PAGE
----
The second story that resonates with me is often cited in books on family systems theory. It involves an experiment done with two groups of mice, the mammal of choice because in no time at all there can be half a dozen generations through which generational changes can be observed. At feeding time, the first group of these mice was exposed to low level electrical shock. Not enough to put them totally off their food, but enough to set up the conditions of anxiety. The second group, lucky them, enjoyed their feed without interference. In the intervening five generations, nothing out of the ordinary was done to either group of mice. The results? Five generations later, the descendants of the first group continued to display anxiety at feeding times while the offspring of the second group did not. To me, this explains a lot.
Finally, and this one is kind of fun. Charles Siebert, a poet, journalist, essayist, and novelist, wrote an article five years ago for the New York Times where he talked about researchers exploring whether the ranges of personalities that are part of the human condition are peculiar only to humans. What about other animals? Personality theory for humans uses five aspects as a measure. It’s a simple yardstick, and like many human yardsticks, it is probably no coincidence that we also have five digits on each hand. The five psychological categories are:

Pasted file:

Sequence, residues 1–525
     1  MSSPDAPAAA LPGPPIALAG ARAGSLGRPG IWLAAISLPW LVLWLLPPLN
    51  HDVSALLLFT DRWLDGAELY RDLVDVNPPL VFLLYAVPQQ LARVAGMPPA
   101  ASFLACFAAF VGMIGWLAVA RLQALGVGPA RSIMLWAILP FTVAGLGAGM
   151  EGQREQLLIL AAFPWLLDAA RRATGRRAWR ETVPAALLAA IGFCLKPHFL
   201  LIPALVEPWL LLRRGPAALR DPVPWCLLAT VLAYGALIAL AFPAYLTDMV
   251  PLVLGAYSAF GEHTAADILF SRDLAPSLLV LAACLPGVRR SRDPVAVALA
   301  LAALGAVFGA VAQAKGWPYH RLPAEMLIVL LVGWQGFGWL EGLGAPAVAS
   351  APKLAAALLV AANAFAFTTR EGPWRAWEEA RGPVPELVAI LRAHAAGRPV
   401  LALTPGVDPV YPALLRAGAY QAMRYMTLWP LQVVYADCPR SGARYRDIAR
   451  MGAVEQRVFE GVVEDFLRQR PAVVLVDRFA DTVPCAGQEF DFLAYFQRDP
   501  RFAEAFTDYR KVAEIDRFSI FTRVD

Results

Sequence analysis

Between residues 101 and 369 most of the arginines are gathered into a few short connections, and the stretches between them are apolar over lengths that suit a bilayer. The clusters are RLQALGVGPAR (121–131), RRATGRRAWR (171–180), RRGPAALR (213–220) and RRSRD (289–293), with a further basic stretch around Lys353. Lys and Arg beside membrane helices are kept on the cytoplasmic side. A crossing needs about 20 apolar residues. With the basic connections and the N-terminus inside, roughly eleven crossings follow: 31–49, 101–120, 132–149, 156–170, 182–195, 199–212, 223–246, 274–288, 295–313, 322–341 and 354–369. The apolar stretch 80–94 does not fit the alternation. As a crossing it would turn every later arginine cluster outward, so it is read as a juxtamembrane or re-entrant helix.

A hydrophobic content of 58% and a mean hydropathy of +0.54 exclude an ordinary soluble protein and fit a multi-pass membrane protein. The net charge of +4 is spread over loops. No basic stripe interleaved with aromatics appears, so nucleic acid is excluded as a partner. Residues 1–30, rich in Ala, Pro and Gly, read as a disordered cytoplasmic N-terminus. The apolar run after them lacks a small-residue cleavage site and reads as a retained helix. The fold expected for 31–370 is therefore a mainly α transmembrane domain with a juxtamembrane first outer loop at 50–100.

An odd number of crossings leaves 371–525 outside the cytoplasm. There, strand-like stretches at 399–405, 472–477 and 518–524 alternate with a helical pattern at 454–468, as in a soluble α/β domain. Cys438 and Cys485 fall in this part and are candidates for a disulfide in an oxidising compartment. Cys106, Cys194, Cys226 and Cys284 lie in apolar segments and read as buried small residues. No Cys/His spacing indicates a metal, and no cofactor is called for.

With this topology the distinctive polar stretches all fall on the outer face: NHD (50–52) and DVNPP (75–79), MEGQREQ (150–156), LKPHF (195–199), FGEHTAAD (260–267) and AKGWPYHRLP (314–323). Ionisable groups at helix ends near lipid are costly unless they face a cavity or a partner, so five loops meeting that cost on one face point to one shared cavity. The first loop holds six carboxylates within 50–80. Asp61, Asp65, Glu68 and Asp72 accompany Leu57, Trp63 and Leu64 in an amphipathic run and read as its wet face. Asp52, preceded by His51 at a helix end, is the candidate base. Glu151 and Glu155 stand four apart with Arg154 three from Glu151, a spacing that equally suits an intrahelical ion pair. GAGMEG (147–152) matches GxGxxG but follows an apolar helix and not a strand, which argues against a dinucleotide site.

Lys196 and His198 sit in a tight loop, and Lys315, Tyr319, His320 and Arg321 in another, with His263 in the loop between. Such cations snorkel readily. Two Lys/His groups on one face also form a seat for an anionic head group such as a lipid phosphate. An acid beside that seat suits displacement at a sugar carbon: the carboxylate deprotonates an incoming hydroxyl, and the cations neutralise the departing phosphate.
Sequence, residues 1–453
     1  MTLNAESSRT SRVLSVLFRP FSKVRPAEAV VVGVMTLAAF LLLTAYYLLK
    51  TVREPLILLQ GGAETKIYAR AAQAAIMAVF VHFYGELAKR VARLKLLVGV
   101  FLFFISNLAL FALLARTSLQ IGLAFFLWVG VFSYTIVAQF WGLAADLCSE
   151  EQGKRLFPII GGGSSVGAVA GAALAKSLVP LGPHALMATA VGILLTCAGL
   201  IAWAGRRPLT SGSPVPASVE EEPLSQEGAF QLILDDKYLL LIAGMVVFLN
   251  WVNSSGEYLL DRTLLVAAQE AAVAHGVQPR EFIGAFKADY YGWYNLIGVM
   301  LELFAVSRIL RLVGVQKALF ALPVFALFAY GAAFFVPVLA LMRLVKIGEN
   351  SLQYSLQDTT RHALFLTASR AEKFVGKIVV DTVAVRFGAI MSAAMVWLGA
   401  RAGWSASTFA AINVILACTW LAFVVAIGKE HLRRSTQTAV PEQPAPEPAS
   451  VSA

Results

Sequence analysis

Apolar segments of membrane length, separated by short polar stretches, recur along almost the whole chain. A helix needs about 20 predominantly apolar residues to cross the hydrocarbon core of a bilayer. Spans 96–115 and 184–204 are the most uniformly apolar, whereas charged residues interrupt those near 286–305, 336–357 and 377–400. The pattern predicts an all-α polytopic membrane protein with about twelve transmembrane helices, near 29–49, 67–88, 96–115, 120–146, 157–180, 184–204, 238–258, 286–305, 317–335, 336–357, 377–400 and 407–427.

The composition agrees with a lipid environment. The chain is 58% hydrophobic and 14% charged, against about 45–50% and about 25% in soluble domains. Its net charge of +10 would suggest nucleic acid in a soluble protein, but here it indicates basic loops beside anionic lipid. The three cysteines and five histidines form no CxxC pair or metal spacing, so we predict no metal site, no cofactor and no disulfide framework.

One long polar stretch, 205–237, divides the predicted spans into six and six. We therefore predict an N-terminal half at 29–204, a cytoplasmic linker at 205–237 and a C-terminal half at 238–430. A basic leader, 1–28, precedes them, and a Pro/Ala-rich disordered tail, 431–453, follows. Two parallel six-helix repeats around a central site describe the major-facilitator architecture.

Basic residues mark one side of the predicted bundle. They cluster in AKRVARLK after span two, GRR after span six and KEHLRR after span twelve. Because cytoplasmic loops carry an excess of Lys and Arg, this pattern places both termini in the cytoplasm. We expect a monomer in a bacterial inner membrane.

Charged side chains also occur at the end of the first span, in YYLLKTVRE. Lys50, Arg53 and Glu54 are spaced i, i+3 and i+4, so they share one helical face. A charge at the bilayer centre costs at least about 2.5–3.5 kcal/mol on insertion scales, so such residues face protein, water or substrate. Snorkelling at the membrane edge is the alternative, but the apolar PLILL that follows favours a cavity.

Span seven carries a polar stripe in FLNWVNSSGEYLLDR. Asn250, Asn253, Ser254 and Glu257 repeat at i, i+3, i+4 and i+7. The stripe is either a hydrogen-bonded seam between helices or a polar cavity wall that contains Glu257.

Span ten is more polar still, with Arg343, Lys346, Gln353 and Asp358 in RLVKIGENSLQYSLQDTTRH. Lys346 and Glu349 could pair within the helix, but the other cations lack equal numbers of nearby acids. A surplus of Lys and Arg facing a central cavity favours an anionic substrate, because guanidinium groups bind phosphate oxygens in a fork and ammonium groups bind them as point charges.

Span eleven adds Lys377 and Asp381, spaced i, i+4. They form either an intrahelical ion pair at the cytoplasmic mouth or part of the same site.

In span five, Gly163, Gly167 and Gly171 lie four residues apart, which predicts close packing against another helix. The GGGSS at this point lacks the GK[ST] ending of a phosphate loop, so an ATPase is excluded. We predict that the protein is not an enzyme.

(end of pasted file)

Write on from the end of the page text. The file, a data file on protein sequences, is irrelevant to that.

Well, lo and behold, dozens of studies confirm these same kinds of personality variations in all sorts of animals: rats, guppies, fruit flies, monkeys, sea gulls, water striders, stickleback fish and so on. Even more intriguing, other studies are also starting to paint a picture that herds of cows, flocks of birds and such not only display a similar range of introvert/extrovert, playful/serious, risk taking/security minded and so on as humans do, but that they also display these characteristics in roughly the same proportions.
The tentative conclusion at this point is that that there must have been some evolutionary advantage to all sorts and conditions of men as the Bible would have put it. That, and that when we think of ourselves as homo sapiens, lets also not forget that we come with some pretty old hard wiring in our DNA. Also, we are also all herd animals. We always have been, and always will be.